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Between 60% and 90% of people with schizophrenia smoke, compared to 15% to 24% of the general population, the researchers noted in the report published March 16 in the journal Nicotine & Tobacco Research.
Smoking is the main reason for a 15- to 25-year gap in lifespan between users of mental health services and the general population, according to study author Riccardo Polosa. He is a professor of internal medicine at the University of Catania, in Italy.
"This study demonstrates that switching to high-strength nicotine e-cigarettes is a feasible highly effective smoking cessation method for smokers who have schizophrenia," Polosa said in a journal news release. "And it improves their quality of life, too."
For the study, Polosa's team assessed the effects of vaping high-strength nicotine in 40 adults with schizophrenia. All smoked traditional cigarettes and had no plans to cut back or quit.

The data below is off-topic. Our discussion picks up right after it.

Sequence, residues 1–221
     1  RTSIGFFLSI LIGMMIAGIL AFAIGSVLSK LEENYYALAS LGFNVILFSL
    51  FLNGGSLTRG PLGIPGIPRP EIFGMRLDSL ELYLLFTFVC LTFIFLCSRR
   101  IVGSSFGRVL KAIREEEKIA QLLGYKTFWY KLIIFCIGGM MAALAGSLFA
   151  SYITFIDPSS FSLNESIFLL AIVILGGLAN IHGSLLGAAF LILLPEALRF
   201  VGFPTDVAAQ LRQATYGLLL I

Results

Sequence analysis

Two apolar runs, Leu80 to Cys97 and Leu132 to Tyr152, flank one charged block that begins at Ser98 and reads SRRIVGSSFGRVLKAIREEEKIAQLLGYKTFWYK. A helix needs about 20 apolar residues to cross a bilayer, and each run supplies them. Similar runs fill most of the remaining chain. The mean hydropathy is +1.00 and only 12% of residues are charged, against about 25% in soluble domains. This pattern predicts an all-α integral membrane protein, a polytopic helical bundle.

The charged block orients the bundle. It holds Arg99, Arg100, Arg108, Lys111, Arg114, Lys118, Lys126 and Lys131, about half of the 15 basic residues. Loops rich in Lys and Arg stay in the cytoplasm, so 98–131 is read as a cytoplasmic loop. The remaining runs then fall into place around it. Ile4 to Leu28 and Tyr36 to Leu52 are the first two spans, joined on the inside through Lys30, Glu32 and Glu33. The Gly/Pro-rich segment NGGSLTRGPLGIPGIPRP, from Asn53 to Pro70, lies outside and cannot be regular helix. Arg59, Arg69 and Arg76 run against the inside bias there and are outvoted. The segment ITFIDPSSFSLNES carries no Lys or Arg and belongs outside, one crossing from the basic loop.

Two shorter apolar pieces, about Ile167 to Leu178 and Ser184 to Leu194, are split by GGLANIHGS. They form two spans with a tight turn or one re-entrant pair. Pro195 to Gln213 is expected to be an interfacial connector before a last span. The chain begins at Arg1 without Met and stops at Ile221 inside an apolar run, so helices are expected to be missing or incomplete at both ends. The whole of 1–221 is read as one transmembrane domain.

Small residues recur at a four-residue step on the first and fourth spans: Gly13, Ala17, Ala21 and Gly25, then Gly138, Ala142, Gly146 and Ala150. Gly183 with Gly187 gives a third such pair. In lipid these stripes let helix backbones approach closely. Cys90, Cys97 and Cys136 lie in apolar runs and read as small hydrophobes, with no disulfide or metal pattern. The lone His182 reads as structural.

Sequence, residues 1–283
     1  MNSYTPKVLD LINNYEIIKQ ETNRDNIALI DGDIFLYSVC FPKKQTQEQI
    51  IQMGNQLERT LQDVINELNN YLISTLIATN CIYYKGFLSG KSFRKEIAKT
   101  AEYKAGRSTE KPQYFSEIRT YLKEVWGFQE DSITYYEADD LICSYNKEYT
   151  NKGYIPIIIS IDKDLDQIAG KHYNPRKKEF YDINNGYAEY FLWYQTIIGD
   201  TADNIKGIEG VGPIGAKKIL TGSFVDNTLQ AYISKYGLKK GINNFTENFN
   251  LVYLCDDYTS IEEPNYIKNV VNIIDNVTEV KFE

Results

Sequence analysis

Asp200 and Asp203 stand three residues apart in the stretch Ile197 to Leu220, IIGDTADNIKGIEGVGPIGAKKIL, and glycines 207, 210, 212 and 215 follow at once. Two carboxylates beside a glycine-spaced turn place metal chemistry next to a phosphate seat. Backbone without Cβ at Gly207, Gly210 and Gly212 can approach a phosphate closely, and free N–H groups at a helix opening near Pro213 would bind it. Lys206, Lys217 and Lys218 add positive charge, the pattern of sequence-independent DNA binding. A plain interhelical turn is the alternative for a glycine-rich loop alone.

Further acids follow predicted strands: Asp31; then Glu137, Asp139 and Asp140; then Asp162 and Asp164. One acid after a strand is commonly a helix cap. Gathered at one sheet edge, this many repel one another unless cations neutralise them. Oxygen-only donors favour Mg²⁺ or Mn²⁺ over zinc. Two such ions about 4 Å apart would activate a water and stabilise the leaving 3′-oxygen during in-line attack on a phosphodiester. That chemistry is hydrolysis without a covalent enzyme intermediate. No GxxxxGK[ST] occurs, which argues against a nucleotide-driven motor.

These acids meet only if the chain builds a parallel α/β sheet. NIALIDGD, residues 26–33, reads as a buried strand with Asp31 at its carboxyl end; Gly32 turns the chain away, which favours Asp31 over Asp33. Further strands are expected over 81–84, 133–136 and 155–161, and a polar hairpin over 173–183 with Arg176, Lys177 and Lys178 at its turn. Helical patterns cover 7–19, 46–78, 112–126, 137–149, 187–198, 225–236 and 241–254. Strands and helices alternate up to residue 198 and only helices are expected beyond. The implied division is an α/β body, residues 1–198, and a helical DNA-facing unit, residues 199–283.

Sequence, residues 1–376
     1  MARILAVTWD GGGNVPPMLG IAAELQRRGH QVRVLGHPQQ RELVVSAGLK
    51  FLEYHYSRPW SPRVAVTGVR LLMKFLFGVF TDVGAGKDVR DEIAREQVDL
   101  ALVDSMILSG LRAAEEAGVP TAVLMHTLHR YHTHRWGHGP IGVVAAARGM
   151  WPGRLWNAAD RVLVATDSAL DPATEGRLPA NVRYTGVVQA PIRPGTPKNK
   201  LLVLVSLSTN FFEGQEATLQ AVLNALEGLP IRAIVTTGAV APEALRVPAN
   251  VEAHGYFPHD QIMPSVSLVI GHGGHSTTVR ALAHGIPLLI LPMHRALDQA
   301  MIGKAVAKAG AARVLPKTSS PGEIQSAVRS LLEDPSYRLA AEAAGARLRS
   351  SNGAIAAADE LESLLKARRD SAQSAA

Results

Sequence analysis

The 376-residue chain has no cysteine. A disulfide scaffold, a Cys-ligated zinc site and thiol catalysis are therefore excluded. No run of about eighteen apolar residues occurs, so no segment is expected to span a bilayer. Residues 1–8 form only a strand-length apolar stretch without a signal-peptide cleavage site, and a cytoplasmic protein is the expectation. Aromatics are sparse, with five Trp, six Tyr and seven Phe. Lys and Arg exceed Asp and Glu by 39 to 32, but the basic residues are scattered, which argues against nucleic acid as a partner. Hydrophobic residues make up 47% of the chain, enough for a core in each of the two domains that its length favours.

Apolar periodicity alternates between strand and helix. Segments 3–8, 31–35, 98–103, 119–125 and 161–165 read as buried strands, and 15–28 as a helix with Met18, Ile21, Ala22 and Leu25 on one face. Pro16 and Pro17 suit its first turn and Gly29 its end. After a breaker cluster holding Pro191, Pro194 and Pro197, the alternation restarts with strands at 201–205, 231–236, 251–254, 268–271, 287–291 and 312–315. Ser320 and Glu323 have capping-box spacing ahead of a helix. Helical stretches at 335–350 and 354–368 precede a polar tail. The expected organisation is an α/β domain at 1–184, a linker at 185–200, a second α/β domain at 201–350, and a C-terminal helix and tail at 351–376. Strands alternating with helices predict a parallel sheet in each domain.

For 12 weeks, participants used e-cigarettes loaded with 5% nicotine pods.
By the end of that time, 40% had stopped using traditional cigarettes. And nine out of 10 had a sustained 50% reduction in smoking or had quit conventional cigarettes altogether. Median cigarette use fell from 25 to six cigarettes a day. (Median means half fell more, half fell less.)
By the end of the study period, nearly 62% of participants said they felt more awake, less irritable, less hungry and better able to concentrate.
SOURCE: Nicotine & Tobacco Research, news release, March 16, 2021
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